Distraction Zone Staging for Hospitals and Clinics ("Room" transliterated for Occultations, now part of the performance pieces for Hospitalogy--the two "books" were at one point to exist together as one). This work is part of a multi-media performance (audio composition with live voice and video projection) that was initially commissioned for The Electroacoustic Music Festival, Olympia WA 2011. The audio here is still unfinished (see note below). This is the 2nd in a series of electroacoustic pieces that translates extant text for performance, both so far translating parts of the section "modular arterial cacophony," which is to say that they are really one piece in two movements, each designed for a different site (the whispered text carries over and is finished in this piece). Said found text was published as watermarked pages in Occultations a few months ago, with new print-run/edition out soon. The other "movement" is available here as link under "Selected Sound and Video Poetry Online" and is called "Wave." Eff Why I.
Note: really the only way for the piece to be as grating and grungey as it would sound, say, with huge theater speakers, would be to listen via headphones. Or so I've come to experience it anyhow.
Details/Specs: 4-Channel Composition using statistical recursion software and decay modulation using manual reverbing (one recording is played back into a microphone, then again, and so forth, four times). All manipulated sounds aside from the voiced text source from recording the inside of the MRI (Magnetic Resonance Imaging) Machine during test (of brain and cervical spine). Recording from 2006. Ambient noise (what may sound like static) comes from the ambient sounds of the room--tech voices, footsteps, body moving/adjusting near the machine, etc. This work is still in draft form: each layer still needs be filtered more so that the original recording (necessarily low quality) can be maximized for high quality resolution speakers.
Video components include a "silent shadow" of the live actions: a live reading during slow compression of the neck by use of ducked tape that is wound round the throat and cervical spine as subject lies on folding table. The live voice's capacity for projection is thus suppressed until it is no longer audible over the recorded layers. Video projects same, but inside the room I did not leave for 2 months, save to go to work, and once to a reading. I was thinking about neoliberal enclosure enclosures: the enclosures that we build within neoliberal enclosures, recapitulation, miniature zones of constriction that pass as entertainment and domicile. Or something.
In other news, I got to hear a helluva concert this evening, despite my sadness of not being able to head to NY this week--still feeling poorly, so glad I made the "right" choice, but still. The concert was darn good distraction from that disappointment tho. I read some work with E, participatory, fun to have use of the experimental theater and be with lovely (and deeply exciting!) composers. We, poetic interlopers! Stephane Brun has gone to our ensemble's rehearsals while in town, has been so kind and helpful in critique--such a lovely person. Check out his work in performing arts (out of Chicago, Urbana, where for years now some of the more exciting cybernetic composition and other performing arts collaborating has been going on--a quick google of his work aught to be well worth it). I'll write a "review" (debrief/overview) of the evening's guest composers' work in another post. But for now just to say the evening was great and that the ensemble I work with, their stuff I thoroughly enjoyed (was nice this week to be more on the periphery, more audience to the art-making). I liked how poetry met musical composition tonight, rarer from the "music side" of things than one would imagine (these folks from Urbana, like those out of Madison and elsewhere, many involved in The School for Designing Society and The Nonsense Company respectively, these folks are rather special in that their interests are wide-open, their aesthetic production isn't interested in categories or commodity, and their enthusiasm for collaboration is infectious). New work from Arun Chandra was fantastic, first time I've heard this new piece he's been working on. But of all the work put forth by our ensemble (again, more on the other composers' work later), I have to say that the highlight for me was a "Cagean" work by Ben Michaelis and Molly McDermott, Ben an Evergreen alum and Molly a current student. They performed a work for kitchen utensils, metallic beads, calculator, keys, water, and voice--that had me (oddly) fist-pumping. The score itself is pretty gorgeous, so I'm hoping to borrow it to scan it in here at a later date. It was/is, perhaps, the most astonishingly fresh piece of the evening. And of course I had to read poetry right after them!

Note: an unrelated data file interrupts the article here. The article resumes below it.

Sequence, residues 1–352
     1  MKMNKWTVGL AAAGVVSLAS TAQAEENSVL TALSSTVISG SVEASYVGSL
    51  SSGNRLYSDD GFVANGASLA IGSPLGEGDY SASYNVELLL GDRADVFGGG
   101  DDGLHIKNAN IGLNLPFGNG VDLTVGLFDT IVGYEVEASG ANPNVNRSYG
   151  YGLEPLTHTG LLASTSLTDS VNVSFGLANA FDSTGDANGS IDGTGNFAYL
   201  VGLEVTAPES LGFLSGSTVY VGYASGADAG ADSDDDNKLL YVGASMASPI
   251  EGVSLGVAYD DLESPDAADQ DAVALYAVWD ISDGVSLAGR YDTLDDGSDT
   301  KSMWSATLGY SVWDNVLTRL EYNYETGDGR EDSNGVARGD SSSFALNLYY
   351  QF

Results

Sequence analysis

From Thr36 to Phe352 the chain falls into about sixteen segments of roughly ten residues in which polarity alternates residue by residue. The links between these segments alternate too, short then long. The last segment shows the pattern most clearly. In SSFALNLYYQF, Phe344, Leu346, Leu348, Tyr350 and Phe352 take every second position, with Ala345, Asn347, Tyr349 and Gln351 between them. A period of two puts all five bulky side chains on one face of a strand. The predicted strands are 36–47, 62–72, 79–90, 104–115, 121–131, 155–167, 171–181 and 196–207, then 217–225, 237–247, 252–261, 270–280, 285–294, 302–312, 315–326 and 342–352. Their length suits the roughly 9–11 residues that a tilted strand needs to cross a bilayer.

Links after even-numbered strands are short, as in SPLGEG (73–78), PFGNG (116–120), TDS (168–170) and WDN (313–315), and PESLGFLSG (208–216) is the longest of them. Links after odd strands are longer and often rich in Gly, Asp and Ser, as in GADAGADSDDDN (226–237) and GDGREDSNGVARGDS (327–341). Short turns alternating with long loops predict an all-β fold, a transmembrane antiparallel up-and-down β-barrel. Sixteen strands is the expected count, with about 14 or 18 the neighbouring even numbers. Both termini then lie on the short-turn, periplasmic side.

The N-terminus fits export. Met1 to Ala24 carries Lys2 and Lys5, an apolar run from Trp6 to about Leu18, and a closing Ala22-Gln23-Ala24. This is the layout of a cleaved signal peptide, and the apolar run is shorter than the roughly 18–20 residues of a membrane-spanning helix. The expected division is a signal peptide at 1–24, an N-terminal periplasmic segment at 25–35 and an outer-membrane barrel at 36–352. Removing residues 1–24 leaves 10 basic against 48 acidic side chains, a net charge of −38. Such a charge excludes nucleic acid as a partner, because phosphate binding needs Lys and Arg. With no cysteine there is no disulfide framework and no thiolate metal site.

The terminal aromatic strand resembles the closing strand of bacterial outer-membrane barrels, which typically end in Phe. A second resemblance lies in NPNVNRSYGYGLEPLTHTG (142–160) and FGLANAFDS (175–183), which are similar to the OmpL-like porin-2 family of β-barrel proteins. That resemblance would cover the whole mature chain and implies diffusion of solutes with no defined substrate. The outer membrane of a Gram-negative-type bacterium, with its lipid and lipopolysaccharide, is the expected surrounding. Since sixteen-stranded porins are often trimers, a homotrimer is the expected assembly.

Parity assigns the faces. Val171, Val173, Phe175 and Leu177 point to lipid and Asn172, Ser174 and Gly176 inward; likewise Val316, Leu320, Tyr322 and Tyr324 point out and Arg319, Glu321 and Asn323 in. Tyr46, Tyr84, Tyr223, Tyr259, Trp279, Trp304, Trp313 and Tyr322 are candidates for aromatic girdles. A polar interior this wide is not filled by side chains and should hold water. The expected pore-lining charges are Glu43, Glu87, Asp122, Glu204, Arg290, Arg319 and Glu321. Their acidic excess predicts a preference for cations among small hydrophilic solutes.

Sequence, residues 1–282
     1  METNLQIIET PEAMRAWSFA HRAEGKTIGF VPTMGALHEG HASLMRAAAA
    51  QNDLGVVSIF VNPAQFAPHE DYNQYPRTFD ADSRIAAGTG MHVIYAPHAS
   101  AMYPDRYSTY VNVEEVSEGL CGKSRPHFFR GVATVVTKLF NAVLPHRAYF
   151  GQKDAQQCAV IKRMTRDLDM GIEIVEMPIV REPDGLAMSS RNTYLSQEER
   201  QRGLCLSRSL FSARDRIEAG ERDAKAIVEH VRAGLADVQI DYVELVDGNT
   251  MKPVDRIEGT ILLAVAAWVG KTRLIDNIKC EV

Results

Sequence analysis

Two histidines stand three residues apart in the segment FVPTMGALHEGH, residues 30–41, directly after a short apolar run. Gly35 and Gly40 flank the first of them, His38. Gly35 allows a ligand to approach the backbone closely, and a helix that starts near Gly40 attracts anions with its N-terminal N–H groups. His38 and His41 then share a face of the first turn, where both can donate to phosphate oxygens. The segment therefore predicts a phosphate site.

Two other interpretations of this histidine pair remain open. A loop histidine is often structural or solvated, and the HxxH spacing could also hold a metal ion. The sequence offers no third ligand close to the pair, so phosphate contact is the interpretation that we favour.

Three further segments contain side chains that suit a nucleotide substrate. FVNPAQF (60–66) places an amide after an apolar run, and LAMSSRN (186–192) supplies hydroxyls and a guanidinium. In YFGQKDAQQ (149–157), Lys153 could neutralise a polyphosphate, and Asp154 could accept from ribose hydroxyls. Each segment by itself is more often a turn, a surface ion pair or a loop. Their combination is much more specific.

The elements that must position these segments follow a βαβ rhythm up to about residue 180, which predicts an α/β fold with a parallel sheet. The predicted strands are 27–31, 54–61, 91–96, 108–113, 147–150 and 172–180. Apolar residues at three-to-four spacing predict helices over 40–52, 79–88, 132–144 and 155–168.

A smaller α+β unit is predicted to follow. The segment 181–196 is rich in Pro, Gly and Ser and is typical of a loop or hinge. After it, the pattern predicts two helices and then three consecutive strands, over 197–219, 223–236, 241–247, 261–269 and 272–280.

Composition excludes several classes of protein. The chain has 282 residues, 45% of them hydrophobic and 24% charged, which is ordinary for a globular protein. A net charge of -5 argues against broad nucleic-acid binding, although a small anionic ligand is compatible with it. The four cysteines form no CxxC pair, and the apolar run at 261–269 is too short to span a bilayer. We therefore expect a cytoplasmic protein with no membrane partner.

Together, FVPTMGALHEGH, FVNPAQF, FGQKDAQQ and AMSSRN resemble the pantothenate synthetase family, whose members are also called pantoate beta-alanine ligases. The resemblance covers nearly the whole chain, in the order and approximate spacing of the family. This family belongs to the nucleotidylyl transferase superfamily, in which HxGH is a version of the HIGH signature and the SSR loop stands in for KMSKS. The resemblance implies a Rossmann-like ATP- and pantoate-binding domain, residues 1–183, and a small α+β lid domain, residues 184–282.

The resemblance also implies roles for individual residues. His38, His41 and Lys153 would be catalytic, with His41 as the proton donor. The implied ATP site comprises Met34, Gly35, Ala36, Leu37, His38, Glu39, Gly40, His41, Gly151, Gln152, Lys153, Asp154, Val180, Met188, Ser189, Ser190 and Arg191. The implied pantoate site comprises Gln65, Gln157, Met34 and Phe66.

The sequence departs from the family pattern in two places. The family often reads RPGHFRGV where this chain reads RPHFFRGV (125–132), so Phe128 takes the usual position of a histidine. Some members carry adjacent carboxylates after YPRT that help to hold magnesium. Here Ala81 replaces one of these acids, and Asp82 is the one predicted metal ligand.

Quite tired, long day, but glad I was dragged out for a bit to hear new work tonight. But now... now I can't sleep. 4:08am. G'night.